Time Out says
The Fulton Market cocktail bar is ambitious, but the drinks fall flat
It didn’t take more than a quick glance around the Betty, the six-week-old Fulton Market bar from Footman Hospitality (Bangers & Lace, The Anthem, Bucktown Pub) to see that it’s their most ambitious project yet. They brought in Peter Vestinos (Winchester, Sepia and others) to do the cocktails and Rachel Dow (Avec) to run the food program. The bar is located right next door to the Publican, and it seems to want to be the logical next step—finish your oysters and beer there, or at any other spot in the neighborhood, then settle into the Betty’s long red couch for the rest of the evening.
But the bar doesn’t quite reach the level it set for itself. The décor is from the same school of purposeless whimsy we’ve seen so frequently in bars and restaurants lately—there’s a player piano, a barber chair near the restrooms and a bookcase packed with eclectic stuff. (“There’s a stuffed duck, records, a sewing machine, vintage decanters, small animal skulls, a globe, an old radio and polished horns,” my friend, who sat facing the bookcase, rattled off to me.)
We ordered the featured gin and tonic, a combination that will change regularly, which was delivered to the table on a tray in five parts: a glass with ice, a mixing glass of gin, a bottle of tonic, a container of lime juice and a dropper with bitters. It’s a gorgeous presentation, but our server placed it on the table, told us to add two drops of bitters and some lime juice, then left. My date looked at me askance.
Club service, when a server brings a spirit and a mixer to the table and makes it for you, isn’t super common at cocktail bars anymore, but presenting patrons with $16 cocktails they have to make themselves shouldn’t exist at all, particularly at a bar that wants to focus on gin. For $16, I want a great gin and tonic that celebrates the spirit, not vague directions.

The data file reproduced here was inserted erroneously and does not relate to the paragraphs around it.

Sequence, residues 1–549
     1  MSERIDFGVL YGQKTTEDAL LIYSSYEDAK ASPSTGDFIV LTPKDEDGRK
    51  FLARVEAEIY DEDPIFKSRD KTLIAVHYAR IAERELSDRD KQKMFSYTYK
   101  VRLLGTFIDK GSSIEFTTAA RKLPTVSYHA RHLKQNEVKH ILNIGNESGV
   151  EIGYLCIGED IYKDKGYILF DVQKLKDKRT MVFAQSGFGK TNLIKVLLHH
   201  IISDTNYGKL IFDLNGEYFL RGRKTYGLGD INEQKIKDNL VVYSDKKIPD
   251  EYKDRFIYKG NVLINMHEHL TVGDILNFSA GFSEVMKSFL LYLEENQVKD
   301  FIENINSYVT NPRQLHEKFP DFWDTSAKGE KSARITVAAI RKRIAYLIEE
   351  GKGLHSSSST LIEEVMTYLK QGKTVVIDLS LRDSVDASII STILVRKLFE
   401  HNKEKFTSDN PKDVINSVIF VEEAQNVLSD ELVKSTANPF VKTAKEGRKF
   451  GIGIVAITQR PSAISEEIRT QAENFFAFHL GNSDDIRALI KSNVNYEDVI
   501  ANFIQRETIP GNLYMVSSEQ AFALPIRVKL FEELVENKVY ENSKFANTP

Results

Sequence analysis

I’d be willing to discount the gin and tonic presentation as just a bad idea, but the rest of the cocktail list has more $13 misses. Part of the problem is that Vestinos isn’t behind the bar making the cocktails himself, which would likely fix some of the issues. La Grande Dame, with gin, cognac, mint, lemon, grapefruit and creole bitters, and sparkling soda, has too many flavors going on that don’t coalesce into something you want to drink. I had the cobbler, with amontillado sherry, apple brandy and pineapple syrup, on two separate visits—on the first, the glass was predominantly sherry; on the second, apple brandy. The best I tried was Life During Wartime, a genever drink with green-tea syrup, Aperol, bitter lemon soda and fennel bitters—it’s dry and herbal, and very pleasant. There's also a handful of good local and international beers and equal space devoted to wines by the glass and bottle.
The space hinders eating, since the lounge tables aren’t sized for dinner, and much of the food is entrée-size plates. But no matter—the food is better than the drinks, so eat something. Skip the oily cauliflower, with pomegranate, almonds and bean puree, in favor of the clams, which come with a flavorful tomato fennel broth and buttery shrimp, and the potato and mushroom pierogis, which are well-made, though the apple agrodolce served with them is on the sweet side.
There are talented people behind the Betty, and I’ve always liked Bangers & Lace, but there’s still a substantial amount of work to do before it realizes its ambitions.
By Amy Cavanaugh
Posted: Friday, March 6, 2015
839 W Fulton Market
El stop: Green, Pink to Morgan-Lake. Bus: 8, 56.